Economic Policy Review
Risk Management, Governance, Culture, and Risk Taking in Banks
August 2016 Volume 22, Number 1
JEL classification: G21, G28, G31, G34
Author: René M. Stulz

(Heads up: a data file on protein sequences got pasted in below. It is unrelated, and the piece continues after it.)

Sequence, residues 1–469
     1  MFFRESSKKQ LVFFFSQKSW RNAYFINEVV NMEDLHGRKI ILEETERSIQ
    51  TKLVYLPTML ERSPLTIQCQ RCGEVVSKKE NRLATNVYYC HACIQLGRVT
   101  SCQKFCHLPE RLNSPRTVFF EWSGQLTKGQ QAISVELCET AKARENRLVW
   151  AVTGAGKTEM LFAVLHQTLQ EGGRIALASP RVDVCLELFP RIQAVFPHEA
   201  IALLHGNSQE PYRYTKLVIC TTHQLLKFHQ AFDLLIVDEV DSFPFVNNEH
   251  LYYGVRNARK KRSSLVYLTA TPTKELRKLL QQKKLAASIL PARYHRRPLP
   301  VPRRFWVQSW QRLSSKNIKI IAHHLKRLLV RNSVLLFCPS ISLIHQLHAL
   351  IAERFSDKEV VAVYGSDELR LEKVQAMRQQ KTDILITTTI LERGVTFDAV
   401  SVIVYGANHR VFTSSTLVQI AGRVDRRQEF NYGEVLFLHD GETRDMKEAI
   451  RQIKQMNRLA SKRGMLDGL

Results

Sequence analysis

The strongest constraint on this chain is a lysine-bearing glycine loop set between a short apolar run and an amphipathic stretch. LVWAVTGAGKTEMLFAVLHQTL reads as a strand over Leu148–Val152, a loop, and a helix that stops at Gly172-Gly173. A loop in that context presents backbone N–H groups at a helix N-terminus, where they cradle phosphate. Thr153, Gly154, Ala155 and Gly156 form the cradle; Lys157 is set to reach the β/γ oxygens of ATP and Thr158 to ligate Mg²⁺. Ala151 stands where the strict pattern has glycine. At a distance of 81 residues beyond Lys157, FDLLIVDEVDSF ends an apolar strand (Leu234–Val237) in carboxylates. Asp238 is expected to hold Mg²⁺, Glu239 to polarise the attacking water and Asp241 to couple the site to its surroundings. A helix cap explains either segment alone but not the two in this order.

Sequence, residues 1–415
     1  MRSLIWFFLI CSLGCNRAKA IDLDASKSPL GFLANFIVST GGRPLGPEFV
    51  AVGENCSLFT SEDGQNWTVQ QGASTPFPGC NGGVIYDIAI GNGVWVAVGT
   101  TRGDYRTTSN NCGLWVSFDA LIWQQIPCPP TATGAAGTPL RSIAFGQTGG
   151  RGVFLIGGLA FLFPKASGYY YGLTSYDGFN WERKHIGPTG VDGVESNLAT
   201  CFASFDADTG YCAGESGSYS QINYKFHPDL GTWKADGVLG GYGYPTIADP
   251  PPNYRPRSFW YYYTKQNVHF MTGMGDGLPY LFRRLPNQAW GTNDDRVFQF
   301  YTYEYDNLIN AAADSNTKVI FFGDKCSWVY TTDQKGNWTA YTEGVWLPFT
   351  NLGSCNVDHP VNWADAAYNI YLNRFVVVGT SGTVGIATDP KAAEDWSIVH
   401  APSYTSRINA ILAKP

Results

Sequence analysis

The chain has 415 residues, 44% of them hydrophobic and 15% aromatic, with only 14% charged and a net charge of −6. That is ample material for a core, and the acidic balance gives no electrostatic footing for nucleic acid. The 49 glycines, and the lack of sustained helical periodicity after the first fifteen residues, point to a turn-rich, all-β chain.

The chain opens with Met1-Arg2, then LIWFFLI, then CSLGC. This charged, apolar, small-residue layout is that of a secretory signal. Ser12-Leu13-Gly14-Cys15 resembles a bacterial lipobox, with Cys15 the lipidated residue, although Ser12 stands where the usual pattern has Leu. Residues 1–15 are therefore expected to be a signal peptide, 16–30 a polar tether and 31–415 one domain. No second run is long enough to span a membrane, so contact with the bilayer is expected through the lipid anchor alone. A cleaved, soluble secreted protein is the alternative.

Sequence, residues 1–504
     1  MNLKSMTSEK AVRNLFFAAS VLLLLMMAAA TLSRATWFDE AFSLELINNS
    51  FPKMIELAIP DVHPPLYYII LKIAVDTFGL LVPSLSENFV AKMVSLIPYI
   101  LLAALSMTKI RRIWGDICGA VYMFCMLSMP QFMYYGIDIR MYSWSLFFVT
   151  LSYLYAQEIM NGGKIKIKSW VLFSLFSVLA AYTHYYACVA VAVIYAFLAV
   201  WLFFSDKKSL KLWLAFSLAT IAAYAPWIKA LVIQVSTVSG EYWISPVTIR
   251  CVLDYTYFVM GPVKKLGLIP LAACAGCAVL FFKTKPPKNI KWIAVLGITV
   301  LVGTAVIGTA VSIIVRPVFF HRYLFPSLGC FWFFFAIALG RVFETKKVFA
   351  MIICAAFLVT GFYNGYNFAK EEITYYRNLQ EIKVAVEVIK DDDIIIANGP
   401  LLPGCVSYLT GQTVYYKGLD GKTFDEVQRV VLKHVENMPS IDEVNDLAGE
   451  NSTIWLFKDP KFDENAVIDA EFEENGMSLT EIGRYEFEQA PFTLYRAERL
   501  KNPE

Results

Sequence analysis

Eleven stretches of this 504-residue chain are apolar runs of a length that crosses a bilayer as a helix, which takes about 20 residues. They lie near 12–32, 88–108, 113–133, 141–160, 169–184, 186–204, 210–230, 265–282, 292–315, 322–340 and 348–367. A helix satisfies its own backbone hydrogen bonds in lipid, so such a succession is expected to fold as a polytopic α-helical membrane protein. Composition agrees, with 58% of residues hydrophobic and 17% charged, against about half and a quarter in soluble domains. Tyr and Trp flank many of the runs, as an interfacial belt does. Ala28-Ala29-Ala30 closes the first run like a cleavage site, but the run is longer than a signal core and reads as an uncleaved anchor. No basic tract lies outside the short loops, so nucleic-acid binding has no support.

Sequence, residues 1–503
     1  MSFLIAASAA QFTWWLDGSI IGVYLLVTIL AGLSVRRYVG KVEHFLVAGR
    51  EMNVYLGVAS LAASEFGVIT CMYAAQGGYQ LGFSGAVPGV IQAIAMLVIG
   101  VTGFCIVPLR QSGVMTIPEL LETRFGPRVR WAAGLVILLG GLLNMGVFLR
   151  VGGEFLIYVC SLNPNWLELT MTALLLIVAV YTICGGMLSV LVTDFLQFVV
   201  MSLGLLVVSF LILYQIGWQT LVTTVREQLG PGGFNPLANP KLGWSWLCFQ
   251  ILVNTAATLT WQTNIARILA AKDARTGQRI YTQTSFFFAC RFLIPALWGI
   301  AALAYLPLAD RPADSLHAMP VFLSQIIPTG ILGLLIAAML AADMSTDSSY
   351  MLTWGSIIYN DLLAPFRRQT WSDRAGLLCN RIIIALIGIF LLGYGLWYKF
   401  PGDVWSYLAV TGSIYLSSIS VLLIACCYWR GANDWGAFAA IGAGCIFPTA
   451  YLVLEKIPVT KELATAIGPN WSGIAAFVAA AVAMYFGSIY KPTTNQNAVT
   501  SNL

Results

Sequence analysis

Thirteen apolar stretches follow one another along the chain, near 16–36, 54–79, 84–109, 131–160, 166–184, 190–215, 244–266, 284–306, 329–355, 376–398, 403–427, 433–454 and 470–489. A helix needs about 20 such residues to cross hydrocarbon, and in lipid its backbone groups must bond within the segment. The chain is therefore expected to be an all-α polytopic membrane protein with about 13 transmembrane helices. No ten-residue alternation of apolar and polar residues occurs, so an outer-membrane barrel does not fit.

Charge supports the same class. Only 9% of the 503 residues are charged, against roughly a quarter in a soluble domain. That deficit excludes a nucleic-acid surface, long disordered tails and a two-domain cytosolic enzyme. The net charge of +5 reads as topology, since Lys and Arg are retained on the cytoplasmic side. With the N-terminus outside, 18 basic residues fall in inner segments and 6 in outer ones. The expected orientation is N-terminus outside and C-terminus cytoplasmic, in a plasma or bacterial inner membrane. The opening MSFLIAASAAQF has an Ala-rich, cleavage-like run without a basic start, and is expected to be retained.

This article examines how governance, culture, and risk management affect risk taking in banks. It distinguishes between good risks, which are risks that have an ex ante private reward for the bank on a standalone basis, and bad risks, which do not have such a reward. A well-governed bank takes the amount of risk that maximizes shareholder wealth, subject to constraints imposed by laws and regulators. In general, this involves eliminating or mitigating all bad risks to the extent that it is cost effective to do so. The role of risk management in such a bank is not to reduce the bank’s total risk per se. It is to (1) identify and measure the risks that the bank is taking; (2) aggregate these risks in a measure of the bank’s total risk; (3) enable the bank to eliminate, mitigate, and avoid bad risks; and (4) ensure that the bank’s risk level is consistent with its risk appetite. Organizing the risk management function so that it plays that role is challenging because there are limitations in measuring risk and because, while detailed rules can prevent destructive risk taking, they also limit the flexibility of an institution to take advantage of opportunities that increase firm value. Limitations of risk measurement and the decentralized nature of risk taking imply that setting appropriate incentives for risk takers and promoting an appropriate risk culture are essential to the success of risk management in performing its function.  
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